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Weapons

Flamethrower

There is a very exciting Kappenabzeichen with a skull between flames and SK 3/61 on a red background. I’ve always been searching for the meaning of this badge very much, because it must have been the insignia of some kind of elite troop. The skull usually appeared on the badges of assault troops. But what do the flames represent? And why aren’t there the words that the badges of assault teams usually labeled (Rohamcsapat, Sturmtruppe, Sturmkompagnie, Sturmbaon)? Then I got my hands on Christian Ortner’s little book of Sturmtruppen, and it all came to light. The flames and the inscription SK 3/61 relate to the 3rd company of a special unit, the 61st Sapper Battalion.

The flamethrower is one of the terrible destructive weapons and military development of World War I. I don’t think I need to write much about its effect. It was able to transport the burning phosphorus compound over a considerable distance. It also penetrated cover and bunkers that could only be accessed up by close combat of conventional infantry weapons. Its effect, on the other hand, was known to be horrific.

It was used in both attack and defense. The smaller portable device with a 22-litre tank was operated by two operators in an attack. The device, which had a 50-litre tank, was mostly used in position and defense. In 1916, the application already began in the Army of the Monarchy. In January 1916, the M 15 50-litre version built into the position was certainly used in the Toporoutz and Rarancze areas in order to counter the attack by the Russian 7th Army. The use of smaller, portable devices may have also started as early as 1916.

The flame throwers were operated by the sapper units assigned to the divisions. In general, it was their job to carry out military technical tasks. Of course, as the use of the devices spread, it became necessary to train the selected infantry crew in special training courses for the use of technical equipment. Sappers’ task was not only to study the effect of operation or use, or to learn the necessary precautions. They also experimented the suitable combat procedures associated with the instruments. From 1917, training took place in two places, Krems and Huszt. A special unit has been formed for this purpose, the 61st Sapper Battalion with four squadrons. The battalion in this organizational order was deployed in combat first in the 12th Isonzo battle.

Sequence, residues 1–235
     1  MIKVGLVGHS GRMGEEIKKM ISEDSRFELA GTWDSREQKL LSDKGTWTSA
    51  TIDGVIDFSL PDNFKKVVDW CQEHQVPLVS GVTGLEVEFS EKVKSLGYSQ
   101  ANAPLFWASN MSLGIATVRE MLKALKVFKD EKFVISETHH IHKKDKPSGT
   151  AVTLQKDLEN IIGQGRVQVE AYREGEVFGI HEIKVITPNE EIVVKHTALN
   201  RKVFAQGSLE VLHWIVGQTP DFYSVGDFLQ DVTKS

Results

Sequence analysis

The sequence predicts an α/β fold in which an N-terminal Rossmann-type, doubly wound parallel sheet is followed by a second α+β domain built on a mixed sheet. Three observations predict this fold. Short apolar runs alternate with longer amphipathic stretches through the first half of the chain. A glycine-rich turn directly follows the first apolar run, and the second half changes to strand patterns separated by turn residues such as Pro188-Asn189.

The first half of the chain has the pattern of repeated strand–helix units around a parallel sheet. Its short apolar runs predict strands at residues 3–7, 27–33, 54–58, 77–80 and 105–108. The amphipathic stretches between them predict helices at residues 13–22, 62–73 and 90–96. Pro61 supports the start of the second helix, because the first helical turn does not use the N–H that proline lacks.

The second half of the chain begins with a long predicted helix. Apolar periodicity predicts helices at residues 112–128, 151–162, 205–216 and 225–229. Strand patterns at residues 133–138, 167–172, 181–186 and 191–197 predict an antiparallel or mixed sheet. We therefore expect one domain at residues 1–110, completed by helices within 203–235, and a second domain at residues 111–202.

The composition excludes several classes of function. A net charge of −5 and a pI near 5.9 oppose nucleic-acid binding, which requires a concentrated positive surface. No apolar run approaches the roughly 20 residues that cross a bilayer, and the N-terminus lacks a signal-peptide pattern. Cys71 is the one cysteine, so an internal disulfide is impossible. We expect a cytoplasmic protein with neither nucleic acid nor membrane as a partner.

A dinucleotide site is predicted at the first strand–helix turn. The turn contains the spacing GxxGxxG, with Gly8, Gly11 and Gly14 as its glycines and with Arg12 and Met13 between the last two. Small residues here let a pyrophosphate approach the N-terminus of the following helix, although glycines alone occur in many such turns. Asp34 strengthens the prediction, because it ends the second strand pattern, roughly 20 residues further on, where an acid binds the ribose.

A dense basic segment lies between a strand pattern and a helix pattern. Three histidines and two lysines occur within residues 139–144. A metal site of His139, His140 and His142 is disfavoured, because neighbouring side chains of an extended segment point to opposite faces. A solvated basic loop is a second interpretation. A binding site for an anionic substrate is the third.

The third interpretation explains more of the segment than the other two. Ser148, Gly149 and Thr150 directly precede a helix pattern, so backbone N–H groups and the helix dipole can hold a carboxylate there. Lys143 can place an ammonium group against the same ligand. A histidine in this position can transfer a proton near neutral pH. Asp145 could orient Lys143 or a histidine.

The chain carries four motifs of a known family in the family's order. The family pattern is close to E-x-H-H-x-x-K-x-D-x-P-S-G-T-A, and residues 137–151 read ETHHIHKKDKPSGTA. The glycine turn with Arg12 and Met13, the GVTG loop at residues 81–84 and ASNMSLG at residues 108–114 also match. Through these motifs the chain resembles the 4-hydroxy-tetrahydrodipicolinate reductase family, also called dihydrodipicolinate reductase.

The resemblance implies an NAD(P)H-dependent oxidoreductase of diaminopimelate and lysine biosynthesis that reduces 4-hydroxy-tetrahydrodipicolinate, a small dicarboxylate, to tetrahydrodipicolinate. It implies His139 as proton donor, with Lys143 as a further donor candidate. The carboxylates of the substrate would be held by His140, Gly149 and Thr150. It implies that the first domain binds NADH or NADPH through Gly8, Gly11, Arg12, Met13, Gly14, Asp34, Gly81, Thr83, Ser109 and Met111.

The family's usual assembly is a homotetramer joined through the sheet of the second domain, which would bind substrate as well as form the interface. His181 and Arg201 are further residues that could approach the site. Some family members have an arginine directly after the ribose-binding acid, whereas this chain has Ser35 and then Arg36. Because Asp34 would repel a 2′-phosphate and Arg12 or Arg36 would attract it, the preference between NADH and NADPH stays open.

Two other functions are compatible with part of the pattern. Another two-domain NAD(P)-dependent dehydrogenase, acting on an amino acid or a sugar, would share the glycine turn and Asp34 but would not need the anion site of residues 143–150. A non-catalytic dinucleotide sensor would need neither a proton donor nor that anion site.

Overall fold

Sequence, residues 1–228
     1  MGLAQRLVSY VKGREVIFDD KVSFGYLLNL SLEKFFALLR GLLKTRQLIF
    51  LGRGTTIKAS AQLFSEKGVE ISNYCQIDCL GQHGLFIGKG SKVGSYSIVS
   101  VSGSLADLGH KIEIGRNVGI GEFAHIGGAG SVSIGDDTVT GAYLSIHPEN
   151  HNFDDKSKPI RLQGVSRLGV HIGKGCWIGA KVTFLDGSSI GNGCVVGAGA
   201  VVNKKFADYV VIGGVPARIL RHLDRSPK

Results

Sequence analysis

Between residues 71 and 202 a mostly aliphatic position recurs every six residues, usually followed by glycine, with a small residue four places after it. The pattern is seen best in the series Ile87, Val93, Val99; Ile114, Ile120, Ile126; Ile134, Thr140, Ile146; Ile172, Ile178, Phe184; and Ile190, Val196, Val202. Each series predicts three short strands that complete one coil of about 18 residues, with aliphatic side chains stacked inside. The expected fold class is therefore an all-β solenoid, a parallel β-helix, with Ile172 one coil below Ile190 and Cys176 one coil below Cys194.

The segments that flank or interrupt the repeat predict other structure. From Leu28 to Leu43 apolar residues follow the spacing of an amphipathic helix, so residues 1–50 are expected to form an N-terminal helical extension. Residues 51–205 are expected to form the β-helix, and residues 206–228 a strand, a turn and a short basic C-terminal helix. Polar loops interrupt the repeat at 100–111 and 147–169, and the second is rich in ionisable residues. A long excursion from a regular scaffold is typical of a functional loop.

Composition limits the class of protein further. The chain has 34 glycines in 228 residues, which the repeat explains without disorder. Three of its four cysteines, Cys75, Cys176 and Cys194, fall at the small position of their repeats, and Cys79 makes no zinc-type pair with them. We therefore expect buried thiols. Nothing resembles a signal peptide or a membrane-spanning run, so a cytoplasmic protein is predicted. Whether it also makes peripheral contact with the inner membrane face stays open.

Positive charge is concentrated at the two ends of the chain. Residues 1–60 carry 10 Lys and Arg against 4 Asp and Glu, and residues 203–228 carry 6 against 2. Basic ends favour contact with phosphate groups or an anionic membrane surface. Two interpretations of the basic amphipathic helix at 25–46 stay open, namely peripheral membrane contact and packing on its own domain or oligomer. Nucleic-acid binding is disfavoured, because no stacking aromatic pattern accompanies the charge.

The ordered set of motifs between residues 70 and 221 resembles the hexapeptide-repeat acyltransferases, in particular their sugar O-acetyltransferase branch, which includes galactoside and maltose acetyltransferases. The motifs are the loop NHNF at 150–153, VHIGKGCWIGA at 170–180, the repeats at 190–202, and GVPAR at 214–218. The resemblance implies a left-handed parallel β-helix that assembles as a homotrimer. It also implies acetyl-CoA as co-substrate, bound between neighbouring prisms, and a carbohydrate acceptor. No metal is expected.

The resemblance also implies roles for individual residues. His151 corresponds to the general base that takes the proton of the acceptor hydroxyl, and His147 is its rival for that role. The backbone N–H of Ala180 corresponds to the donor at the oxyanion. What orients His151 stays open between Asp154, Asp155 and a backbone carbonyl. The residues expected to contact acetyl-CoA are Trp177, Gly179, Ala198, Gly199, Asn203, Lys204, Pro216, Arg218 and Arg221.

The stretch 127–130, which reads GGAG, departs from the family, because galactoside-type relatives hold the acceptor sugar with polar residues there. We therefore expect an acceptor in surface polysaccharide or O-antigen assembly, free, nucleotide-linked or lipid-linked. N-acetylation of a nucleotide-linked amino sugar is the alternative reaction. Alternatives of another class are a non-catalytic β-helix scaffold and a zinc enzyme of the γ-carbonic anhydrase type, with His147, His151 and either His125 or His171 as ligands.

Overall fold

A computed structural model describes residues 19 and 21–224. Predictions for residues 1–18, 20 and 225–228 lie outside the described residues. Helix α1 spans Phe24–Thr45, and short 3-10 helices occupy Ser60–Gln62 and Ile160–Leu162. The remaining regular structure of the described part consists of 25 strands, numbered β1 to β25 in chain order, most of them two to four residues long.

It was then evidenced that the portable flame thrower was most effective in cooperation with assault troops. The assault team breaks through the enemy obstacle system, overcoming the most important defensive foci of the first line. After that, the flame throwers start, who are less mobile and very vulnerable due to the carrying of the heavy tank. Their task is to clean up overran lines of defense from all resistances. They literally smoke out sporadic resistance points that didn’t want to surrender. This combat procedure led to success in many places in October 1917, and the Austro-Hungarian military ordered the four squadrons of the 61st Sapper Battalion to be distributed in support of the assault troops of four corps in the 11th army on the Italian front. The 1st company was transferred to the 1st Corps, the 2nd to the XXVI, the 3rd to the III, the 4th company to the VI Corps. In addition to carrying out their own combat tasks, the four companies also trained additional flamethrower platoons and tested new devices.

The badge on the main photo of this post is therefore the badge of the 61/3 flame-thrower company deployed to the III Corps. The script S.K 3/61 means Sappeur Kompanie 3/61.

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Ian Harvey
Ian Harvey
22 days ago

Another excellent article on a fascinating badge. I knew what the badge was for, but I didn’t know the tactical level deployment of the various sappaer companies within the Army, but I do now thank you.

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